Choate defender Mairead Kennedy is an excellent skater with blazing speed. Last season at Duxbury High (Mass.), Kennedy anchored the unit and pitched in offensively with 20 assists while scoring a pair of goals. Kennedy was named a Patriot League All Star and she was a member of the National Honor Society.
Now at Choate Rosemary Hall, Kennedy committed to Wesleyan.
NZ: How did you first get into hockey as a kid?
Kennedy: “Growing up, hockey has always been a huge part of my family. My dad played for his whole life and my older brother played as well. When I was four years old, my best friend invited me to join her hockey team. I had skated before with my family, but never had a hockey stick or any equipment. I did not hesitate for a second. I forced my parents to go buy me equipment and a stick, not even knowing if I was a lefty or a righty. I fell in love with the sport immediately.”
NZ: How would you describe your game? What are your strengths?
Kennedy: “Up until I was about 12 years old, I had always played offense. My coaches always told me that I was so fast, so I always just wanted to carry the puck and score goals. When my coaches switched me to defense, I could not break the habit of just wanting to go as fast as I could. For this reason, I think I am a very offensive player. I enjoy skating with the puck and looking to set up my teammates for a goal scoring opportunity. I would say that my strength has always been my ability to skate and create offensive plays.”
NZ: What are some areas you’re looking to improve this year?
Kennedy: “This year, I am looking to improve my mindset more than anything. I have always been an indecisive person, on and off the ice, which means that I tend to hesitate sometimes. I think that if I can learn to stop overthinking my game, I will have a lot more success. Also, I am always working to have a harder and more accurate shot. Being a defensemen, I think it is really important to have good shot placement and that is something I want to improve on.”
NZ: What has the experience been like for you playing prep hockey, moving up from the high school level?
Kennedy: “High School hockey was a lot of fun. My teammates and coaches became my best friends over the years, so I never really regret the fact that I didn’t choose to go to prep school right away. However, I could already tell before the season even started that playing prep hockey would be a great experience. It was exactly what I needed to be able to get to the next level. Once I started skating with the team at Choate, I noticed the speed and work ethic that each and every player had. In my first game, I noticed a huge difference in the overall intensity and speed. I think that this is due to the amount of time that goes into practicing and training at prep school versus high school. The coaches at the prep level are so dedicated to the team, and that is what makes it possible for the players to improve so much.”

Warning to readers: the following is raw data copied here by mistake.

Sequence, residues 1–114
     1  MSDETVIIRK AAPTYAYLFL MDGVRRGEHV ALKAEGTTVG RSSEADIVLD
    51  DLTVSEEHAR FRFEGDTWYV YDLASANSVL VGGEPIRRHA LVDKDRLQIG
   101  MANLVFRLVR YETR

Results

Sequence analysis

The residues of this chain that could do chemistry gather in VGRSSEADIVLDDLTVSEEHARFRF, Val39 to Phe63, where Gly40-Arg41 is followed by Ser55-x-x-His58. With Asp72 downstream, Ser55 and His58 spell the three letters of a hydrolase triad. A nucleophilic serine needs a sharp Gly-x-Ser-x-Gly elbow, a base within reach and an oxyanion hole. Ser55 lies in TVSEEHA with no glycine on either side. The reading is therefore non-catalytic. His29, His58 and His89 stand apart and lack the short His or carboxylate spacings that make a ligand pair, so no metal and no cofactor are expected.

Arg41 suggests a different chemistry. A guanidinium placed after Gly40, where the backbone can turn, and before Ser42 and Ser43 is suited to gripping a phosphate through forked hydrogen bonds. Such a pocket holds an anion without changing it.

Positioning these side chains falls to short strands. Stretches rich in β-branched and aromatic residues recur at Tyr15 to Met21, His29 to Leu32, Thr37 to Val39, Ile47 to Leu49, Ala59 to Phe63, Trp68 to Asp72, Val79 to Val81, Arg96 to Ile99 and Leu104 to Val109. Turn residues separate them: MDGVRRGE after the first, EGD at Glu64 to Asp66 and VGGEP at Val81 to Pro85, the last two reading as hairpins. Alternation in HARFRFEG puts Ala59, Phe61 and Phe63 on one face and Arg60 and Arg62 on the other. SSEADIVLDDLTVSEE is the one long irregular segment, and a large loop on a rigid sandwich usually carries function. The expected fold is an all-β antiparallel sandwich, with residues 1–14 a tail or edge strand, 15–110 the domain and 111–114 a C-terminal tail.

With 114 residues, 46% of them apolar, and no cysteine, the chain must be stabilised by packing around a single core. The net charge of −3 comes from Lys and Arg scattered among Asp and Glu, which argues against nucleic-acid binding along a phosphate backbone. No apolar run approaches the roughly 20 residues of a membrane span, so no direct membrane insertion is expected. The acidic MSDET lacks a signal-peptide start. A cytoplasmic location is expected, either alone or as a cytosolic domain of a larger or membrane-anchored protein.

NZ: What were some of the biggest challenges when you first broke into prep hockey?
Kennedy: “One of the biggest challenges for me when entering prep hockey was finding that there is a lot less time for decision making. Every prep hockey team has speed and that is something that I was not used to. It became so much more important for me to start learning how to think ahead. This was definitely hard for me to learn, especially because that pressure is only really felt in-game situations.”
NZ: How was your recruiting process? Were there a lot of teams and visits involved or was it a more simple process for you?
Kennedy: “For me, my recruiting process was probably a little bit different than most. I had known since I was in elementary school that I wanted to play college hockey, but I did not have a lot of knowledge about how to get there. At the end of my junior year, a few college coaches had reached out to me, and I started to really think about where I wanted to go. Obviously I wanted to continue my hockey career, but I also cared a lot about my schoolwork. It became a surprisingly difficult task to find a school that was a good fit for both my academics and hockey. Although it was hard, this kind of made it easier for me to narrow down the schools that I wanted to consider.”
NZ: Ultimately, what made Wesleyan the place for you?
Kennedy: “After visiting Wesleyan the first time, I knew that I loved the environment there and the coaches were amazing. The campus is beautiful and they had everything to offer. Knowing that this school has amazing academics, I thought that this could not be a more perfect place for me to continue my hockey career. I have the opportunity to continue to play at an even higher level, and to get a great education.”
NZ: Our scouts have noted your speed a lot in the reports. Is that something you’ve continually worked on?
Kennedy: “Ever since I started playing hockey at a young age, I have always wanted to skate faster than everyone. I had a lot of coaches tell me that I had good speed, so I focused a lot on that to help my game. During every practice, I try to push myself to go faster so I can further improve my speed. I would definitely say that once I knew that I had speed, I worked on improving that aspect of my game even more.”